TC-11

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Wavy Davy
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TC-11

Post by Wavy Davy » Thu Feb 13, 2020 3:25 pm

I am starting this thread "For new TC-11 users".
To share any tips/tricks I have learned, and answer questions about anything, that was not obvious from reading the manual.

Developers website, with overview of TC-11
Full Owners Manual for TC-11

Feel free to share your helpful tips, or ask questions, and I will try to answer them in a timely manor.
Please understand that there may be times when I don't respond right away, and that I am not an official representative of TC-11 or Bit Shape Software.

I am just doing this because I like TC-11, and want to share the fun :hyper:

And of course, a big shout out to Kevin Schlei, for creating TC-11, adding new features, and keeping it current since 2010 :yay:
Check out his other apps at Bit Shape Software
Last edited by Wavy Davy on Tue Feb 18, 2020 12:59 pm, edited 2 times in total.

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Wavy Davy
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TC-11 is my favorite iOS synth app.

Post by Wavy Davy » Thu Feb 13, 2020 3:29 pm

TC-11 is by far my favorite synth app on iOS, and I have a lot of em.
Nothing comes close, and in fact it is in a class by itself.

I have had it for a few months, and the more I play with it the better I like it.
Here is a link to the developers web site.
http://www.bitshapesoftware.com/instruments/

The presets cover a very wide range of sound types, from Buchla, and Serge type sounds, to lush pads, percussive sounds, evolving sounds, sequences, arpeggiations, traditional VA synth sounds, west coast to east coast, and everything in between.
Also great movement in the stereo field.

The important thing to know, is how you can change (modulate) those sounds while you are playing them, and how the patches take great advantage of the many ways to do that, using all the potential of the iPad/iPod/iPhone.

Multitouch, one or more fingers on the iPad, how fast you move your finger(s) across the surface, the distance from the previous touch, where you touch, which direction you slide your finger(s), how much area of finger you put down, motion of the iPad, and so much more, is used to modulate different aspects of the sound.
It is literally in a class by itself.

I like the large number of well made presets so much, it took me a while before I read the owners manual, to see how it works, and learn more about the interface., and the synth engine behind it.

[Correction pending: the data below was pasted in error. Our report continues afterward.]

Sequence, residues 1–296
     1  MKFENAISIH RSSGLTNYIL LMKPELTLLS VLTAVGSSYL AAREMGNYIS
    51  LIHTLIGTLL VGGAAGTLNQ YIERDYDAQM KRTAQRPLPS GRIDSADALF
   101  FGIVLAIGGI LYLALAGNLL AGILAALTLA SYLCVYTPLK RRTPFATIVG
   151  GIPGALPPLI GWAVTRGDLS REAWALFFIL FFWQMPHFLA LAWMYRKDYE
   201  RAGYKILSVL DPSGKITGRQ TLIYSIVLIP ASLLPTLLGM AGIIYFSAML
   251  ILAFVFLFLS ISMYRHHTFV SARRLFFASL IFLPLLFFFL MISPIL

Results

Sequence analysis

Once again, my mind was blown by how it works, and what is possible with it.
The synth engine is designed from the ground up, to take full advantage of the iPad's Multitouch and motion sensing.
The best I have seen on iOS devices, and nothing like synths that try to imitate traditional hardware synths.

Click on the link to download the owners manual.
http://www.bitshapesoftware.com/inst...-guide-2.0.pdf

Because you don't have to look at it, to play it, I found myself walking through the woods with my iPod touch and headphones, creating lush soundscapes, with one or two hands.
Like no synth experience I've ever had before.

Playing it on my iPad Pro 12.9" is crazy cool too.
Best of all is having it loaded on all three of my i devices, iPad Air 1st gen, iPad Pro 2nd gen, and iPod Touch 5th gen, and having a jam session.

Because it's so portable, I can play at home through my PA speakers, walking around, or on a park bench with the built in speakers, Bluetooth speakers, or headphones.

If you want to try a free version, before buying the full version, check out TC-Performer.
http://www.bitshapesoftware.com/inst.../tc-performer/
Last edited by Wavy Davy on Tue Feb 18, 2020 1:00 pm, edited 1 time in total.

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Wavy Davy
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TC-11 is easy to use, and has a powerful synth engin.

Post by Wavy Davy » Thu Feb 13, 2020 3:43 pm

TC-11 is very easy to use (one of the easiest) if you only play with the presets.
The manual is well written, and describes all the parts of the synth in detail, with good graphics.